The Federal Transit Administration (FTA) has recommended funds for two future King County Metro RapidRide lines, paving the way for the arrival of frequent and reliable bus service in two of the busiest travel corridors in King County.

The funding is for the RapidRide I line, which will travel between Renton, Kent, and Auburn and is one of the most heavily used routes in South King County, and the RapidRide J Line, which will go through several of Seattle’s fastest-growing neighborhoods, including South Lake Union, Eastlake, and the University District.

The FTA is recommending $60 million in funds for the RapidRide J line, which will upgrade and replace the current Metro route 70, which connects the University District to Downtown Seattle via Eastlake and South Lake Union. The funds for the J Line come from the Federal Transit Administration’s Capital Investment Grants (CIG) Program and Expedited Project Delivery (EPD) Pilot Program.

RapidRide J Line is scheduled to begin service in 2026 and is a collaboration between Metro and the City of Seattle. The J Line is part of the City’s Transportation Master Plan, with funding provided by the voter-approved Move Seattle Levy as well as funds from the Federal Transit Administration. Seattle will lead the construction of the capital improvements for the J Line, while King County will own, operate, and maintain the J Line vehicles and service.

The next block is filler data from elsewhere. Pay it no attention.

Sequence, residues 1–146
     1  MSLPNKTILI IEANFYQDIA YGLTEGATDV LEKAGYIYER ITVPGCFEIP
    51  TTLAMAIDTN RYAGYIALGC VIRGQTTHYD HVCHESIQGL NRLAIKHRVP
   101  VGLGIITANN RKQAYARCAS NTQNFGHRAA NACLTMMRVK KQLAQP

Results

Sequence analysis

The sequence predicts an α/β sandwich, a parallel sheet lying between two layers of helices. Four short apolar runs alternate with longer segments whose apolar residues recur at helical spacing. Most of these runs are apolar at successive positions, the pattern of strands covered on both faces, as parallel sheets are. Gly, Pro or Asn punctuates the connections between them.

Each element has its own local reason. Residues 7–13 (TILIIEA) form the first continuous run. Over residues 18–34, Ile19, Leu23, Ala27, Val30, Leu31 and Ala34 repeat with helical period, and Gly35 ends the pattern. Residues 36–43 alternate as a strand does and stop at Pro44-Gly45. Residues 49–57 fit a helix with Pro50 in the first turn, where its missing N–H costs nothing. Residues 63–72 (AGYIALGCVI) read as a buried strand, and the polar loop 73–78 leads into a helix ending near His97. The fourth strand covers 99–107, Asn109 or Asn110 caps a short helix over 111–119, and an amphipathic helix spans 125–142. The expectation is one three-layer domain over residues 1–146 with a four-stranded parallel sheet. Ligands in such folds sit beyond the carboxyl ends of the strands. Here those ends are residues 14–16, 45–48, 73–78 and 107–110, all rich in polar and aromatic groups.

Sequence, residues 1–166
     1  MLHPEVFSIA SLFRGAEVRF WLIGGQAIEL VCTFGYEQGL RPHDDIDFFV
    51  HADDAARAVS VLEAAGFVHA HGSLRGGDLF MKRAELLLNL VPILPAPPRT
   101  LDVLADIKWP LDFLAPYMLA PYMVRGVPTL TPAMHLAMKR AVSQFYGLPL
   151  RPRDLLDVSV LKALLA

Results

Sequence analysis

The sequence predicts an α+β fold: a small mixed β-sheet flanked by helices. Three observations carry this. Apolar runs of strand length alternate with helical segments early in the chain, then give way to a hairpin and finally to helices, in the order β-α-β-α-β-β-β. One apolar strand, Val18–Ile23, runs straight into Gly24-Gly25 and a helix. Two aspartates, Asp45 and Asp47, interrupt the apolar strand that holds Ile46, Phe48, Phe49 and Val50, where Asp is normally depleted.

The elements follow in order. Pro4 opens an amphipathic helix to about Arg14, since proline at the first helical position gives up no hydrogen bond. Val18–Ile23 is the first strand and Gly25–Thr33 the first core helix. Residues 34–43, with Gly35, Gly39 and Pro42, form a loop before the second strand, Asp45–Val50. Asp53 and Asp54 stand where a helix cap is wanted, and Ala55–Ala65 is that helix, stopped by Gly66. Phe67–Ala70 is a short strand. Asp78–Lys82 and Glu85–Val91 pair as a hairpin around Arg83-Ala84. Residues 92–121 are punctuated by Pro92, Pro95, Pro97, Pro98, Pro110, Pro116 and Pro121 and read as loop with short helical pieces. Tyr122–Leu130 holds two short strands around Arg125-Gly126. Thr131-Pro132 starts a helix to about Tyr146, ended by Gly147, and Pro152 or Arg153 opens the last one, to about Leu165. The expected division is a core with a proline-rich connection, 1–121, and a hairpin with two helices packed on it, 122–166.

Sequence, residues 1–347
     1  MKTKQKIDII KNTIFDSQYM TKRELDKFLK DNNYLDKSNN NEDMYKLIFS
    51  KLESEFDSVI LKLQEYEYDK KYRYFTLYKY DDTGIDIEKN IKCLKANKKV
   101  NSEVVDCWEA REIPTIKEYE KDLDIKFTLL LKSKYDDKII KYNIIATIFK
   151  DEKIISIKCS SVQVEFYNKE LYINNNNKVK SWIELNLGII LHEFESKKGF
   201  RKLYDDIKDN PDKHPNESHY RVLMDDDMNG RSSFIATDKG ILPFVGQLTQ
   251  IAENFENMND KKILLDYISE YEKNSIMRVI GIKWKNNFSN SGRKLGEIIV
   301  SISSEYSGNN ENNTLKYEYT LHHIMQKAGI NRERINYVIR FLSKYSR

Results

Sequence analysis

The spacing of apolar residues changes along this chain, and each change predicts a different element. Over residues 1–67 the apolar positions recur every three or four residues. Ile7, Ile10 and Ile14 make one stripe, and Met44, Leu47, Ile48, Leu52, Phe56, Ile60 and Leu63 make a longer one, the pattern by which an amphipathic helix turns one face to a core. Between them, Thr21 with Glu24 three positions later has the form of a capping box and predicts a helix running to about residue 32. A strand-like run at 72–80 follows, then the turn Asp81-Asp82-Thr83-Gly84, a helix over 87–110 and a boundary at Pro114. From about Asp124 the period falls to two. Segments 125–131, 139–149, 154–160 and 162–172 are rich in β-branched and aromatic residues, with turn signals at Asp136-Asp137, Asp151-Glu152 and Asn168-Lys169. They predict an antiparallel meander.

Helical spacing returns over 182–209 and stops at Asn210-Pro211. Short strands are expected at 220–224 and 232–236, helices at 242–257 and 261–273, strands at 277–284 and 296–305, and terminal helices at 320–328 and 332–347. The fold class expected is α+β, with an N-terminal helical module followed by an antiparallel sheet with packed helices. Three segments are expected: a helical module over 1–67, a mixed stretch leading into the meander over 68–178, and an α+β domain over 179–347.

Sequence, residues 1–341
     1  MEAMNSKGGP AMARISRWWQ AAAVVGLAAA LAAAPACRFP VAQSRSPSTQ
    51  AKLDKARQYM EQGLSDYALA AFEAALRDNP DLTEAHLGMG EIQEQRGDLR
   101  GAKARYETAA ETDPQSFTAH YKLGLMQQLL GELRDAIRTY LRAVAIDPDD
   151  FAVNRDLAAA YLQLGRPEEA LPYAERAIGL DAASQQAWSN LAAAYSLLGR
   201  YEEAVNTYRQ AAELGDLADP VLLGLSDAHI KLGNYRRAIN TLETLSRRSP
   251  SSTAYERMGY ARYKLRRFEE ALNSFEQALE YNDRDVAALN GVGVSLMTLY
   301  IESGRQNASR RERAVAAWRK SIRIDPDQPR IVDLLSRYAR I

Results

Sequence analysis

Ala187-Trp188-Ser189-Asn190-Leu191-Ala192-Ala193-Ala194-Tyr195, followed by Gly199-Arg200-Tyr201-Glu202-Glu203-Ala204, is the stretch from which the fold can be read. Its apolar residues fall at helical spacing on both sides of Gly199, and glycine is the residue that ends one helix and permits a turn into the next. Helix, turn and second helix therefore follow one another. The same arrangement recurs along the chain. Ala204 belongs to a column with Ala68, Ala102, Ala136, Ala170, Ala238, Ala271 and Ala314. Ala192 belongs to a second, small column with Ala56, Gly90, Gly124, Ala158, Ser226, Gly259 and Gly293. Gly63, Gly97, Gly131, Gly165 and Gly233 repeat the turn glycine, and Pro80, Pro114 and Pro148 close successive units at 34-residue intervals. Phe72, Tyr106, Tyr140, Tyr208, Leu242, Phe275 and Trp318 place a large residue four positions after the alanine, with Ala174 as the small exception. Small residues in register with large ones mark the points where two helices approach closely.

“The RapidRide J Line will replace Route 70, which has become a lifeline for students going to the University of Washington and a vital link connecting downtown to the growing neighborhoods of South Lake Union and Eastlake,” said Metro General Manager Terry White. “This recommended grant will expand access to education and jobs for communities across King County.”

The RapidRide I Line is being recommended for $66 million. In response to community input, the I line, scheduled to begin service in 2025, will upgrade Route 160. The I Line is part of the Renton, Kent, Auburn Area Mobility Project (RKAAMP), which first upgraded bus service in 2020 to provide greater access to employment centers for the growing communities in south King County.

RapidRide lines boast increased frequency and reliability, onboard Wi-Fi, larger and well-lit branded shelters, and real-time bus arrival information. Some RapidRide bus stations have ORCA readers so cardholders can pay before boarding and can then enter through any of the distinctive red buses’ three doors. Metro currently operates six RapidRide lines throughout King County.

The proposed grants are awaiting final action from Congress.

Relevant Links:
RapidRide I Line: Metro
RapidRide J Line: Seattle DOT